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Study suggests potential for birth control pill for men

Researchers at the University of Iowa say they’ve stumbled on a genetic twist that could lead to a birth control pill for men.

The discovery involves an inherited disorder that made sperm unable to swim forcefully. “They could still move, but they need this special, fast motion to actually penetrate the egg, and that would be limited,” said Dr. Michael Hildebrand, a Iowa University researcher who helped lead the study.

Hildebrand believes doctors could induce the disorder in men, making them incapable of impregnating women.

The theory that this discovery could lead to a contraceptive would need to be tested in mice before it could be tried in men. Any treatment for humans would be years away.

The paper was published online Thursday by the American Journal of Human Genetics.

An outside expert who read the paper said it was interesting, but he was skeptical that the discovery could lead to a practical male contraceptive.

Dr. Dale McClure, president of the American Society for Reproductive Medicine, said he doubted the treatment could be reversed. In other words, he said, if men started taking the pills or shots, they could become permanently sterile.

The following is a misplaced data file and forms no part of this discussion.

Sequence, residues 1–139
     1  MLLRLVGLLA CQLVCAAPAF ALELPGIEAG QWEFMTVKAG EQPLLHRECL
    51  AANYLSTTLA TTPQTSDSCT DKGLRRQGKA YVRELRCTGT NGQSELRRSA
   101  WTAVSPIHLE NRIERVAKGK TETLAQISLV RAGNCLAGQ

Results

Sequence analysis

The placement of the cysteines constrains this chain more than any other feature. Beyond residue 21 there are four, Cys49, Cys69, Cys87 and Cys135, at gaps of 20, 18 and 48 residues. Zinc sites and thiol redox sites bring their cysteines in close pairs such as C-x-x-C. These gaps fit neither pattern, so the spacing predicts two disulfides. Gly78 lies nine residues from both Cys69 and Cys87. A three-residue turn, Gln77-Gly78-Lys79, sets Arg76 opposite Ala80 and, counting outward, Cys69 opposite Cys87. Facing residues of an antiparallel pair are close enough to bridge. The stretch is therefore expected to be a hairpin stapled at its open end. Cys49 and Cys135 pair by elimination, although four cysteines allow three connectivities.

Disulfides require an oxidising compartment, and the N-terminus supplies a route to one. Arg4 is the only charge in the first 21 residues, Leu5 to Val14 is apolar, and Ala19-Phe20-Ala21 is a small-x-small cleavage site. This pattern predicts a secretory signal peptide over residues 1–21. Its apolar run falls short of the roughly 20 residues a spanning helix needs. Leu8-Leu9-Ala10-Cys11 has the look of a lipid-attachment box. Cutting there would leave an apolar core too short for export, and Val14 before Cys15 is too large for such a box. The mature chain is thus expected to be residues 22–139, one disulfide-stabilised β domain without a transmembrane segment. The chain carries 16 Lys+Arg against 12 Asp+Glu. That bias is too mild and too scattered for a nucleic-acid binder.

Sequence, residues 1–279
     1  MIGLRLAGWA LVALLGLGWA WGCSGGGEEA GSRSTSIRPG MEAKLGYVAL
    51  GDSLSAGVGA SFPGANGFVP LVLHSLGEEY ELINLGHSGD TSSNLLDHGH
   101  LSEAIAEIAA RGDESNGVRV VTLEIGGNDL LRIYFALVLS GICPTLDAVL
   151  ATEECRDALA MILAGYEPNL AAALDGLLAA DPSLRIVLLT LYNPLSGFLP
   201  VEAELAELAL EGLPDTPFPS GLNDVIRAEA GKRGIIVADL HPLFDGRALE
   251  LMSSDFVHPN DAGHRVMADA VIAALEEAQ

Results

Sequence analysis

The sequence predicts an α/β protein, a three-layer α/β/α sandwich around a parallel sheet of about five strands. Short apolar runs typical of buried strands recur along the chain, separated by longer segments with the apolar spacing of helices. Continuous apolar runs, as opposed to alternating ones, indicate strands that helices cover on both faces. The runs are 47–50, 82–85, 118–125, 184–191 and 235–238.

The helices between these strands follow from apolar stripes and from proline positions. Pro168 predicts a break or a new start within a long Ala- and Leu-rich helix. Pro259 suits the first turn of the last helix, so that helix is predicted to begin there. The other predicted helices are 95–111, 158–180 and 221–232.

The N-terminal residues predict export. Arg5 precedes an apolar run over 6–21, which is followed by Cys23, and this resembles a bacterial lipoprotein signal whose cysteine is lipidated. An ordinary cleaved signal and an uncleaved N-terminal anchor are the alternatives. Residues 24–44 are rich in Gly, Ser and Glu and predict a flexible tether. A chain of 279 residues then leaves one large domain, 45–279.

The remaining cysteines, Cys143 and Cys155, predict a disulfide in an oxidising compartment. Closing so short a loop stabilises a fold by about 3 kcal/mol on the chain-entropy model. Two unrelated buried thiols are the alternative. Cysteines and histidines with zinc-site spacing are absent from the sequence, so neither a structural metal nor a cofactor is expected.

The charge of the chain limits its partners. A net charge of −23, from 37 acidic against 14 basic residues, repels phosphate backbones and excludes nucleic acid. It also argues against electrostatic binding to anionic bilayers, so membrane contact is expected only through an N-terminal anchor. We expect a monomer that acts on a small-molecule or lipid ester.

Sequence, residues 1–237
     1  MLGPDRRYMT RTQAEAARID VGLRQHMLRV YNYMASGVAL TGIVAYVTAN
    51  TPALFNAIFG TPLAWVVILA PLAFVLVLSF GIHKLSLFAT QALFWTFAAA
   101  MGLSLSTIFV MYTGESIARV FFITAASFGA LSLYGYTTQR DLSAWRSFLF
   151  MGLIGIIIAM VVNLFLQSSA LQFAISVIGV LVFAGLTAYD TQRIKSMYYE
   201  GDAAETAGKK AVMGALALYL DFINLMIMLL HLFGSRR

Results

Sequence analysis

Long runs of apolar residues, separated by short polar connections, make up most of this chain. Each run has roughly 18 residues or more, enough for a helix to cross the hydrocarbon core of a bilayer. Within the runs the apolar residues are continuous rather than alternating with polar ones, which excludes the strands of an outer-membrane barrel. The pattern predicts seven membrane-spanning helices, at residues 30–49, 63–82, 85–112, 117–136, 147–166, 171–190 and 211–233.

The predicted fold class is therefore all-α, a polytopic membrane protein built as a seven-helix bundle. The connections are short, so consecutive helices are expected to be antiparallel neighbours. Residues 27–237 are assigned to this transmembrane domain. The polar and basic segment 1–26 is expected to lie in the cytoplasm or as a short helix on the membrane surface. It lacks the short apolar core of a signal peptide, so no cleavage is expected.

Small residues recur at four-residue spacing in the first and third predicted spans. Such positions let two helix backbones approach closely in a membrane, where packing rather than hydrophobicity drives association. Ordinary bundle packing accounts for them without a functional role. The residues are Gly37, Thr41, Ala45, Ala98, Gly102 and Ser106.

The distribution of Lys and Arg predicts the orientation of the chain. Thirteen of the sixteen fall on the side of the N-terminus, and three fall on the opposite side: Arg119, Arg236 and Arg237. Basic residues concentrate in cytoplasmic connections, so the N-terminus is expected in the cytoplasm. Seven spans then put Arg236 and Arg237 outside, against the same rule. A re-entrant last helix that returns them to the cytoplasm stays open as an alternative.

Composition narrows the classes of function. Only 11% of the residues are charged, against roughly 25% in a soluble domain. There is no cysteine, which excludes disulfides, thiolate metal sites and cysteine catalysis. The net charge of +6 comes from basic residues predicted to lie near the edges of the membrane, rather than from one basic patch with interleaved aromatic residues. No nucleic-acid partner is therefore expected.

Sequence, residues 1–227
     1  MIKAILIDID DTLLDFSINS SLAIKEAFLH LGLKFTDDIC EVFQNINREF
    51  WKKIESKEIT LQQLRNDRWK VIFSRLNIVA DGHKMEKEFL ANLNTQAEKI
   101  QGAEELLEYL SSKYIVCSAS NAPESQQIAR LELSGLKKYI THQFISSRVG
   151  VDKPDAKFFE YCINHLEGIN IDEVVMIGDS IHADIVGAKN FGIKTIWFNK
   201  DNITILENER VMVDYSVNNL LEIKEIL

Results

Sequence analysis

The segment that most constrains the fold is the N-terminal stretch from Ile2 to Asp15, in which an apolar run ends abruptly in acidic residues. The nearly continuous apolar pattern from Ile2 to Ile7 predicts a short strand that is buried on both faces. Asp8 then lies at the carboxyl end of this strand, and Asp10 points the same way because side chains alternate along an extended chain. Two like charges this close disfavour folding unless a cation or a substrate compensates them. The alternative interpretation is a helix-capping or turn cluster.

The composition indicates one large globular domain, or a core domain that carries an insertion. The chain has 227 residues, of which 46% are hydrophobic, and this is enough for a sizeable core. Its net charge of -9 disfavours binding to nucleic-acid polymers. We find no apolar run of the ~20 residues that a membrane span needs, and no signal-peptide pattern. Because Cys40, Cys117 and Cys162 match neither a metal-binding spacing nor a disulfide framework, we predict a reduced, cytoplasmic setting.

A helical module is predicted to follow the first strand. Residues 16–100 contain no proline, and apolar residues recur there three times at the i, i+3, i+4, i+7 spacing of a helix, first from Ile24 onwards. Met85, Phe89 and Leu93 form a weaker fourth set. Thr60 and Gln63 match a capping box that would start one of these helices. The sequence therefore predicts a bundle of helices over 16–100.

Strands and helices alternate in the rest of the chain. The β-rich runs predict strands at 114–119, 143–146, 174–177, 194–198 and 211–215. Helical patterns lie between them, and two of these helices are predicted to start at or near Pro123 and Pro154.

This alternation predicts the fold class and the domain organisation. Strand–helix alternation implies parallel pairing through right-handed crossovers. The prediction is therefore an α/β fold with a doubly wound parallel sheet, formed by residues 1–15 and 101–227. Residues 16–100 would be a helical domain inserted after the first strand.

McClure, who is a Seattle urologist, said researchers have worked for years to develop a male birth control pill. They’ve mainly worked with hormones that decrease the function of the testes, which make sperm. However, he said, many of those efforts have interfered with sexual functions.

McClure predicted there would be a market for a successful male birth control treatment. “Say you’re a 27-year-old gentleman and you don’t want to have a child and you don’t want to get married for a few years. It would be nice to have a contraceptive besides the condom,” he said.

McClure said Hildebrand’s proposed treatment theoretically could provide an alternative to vasectomies for men who are sure they don’t ever want to be fathers.

Hildebrand said he believes the treatment could be reversed. It would involve the introduction of antibodies, which he said the body would not continue making on its own. He said several teams have been working to develop such approaches for various treatments, but he acknowledged that they have not been tried in humans.

The new discovery traces back to research that the University of Iowa has done with colleagues in Iran. The researchers focus on hereditary hearing problems. Iranian researchers went to villages in their country where intermarriage is common, making genetic disorders more likely.

They wound up finding two families in which many men were sterile. The scientists looked into the cause and found two similar genetic disorders causing problems with the sperm’s ability to penetrate eggs.

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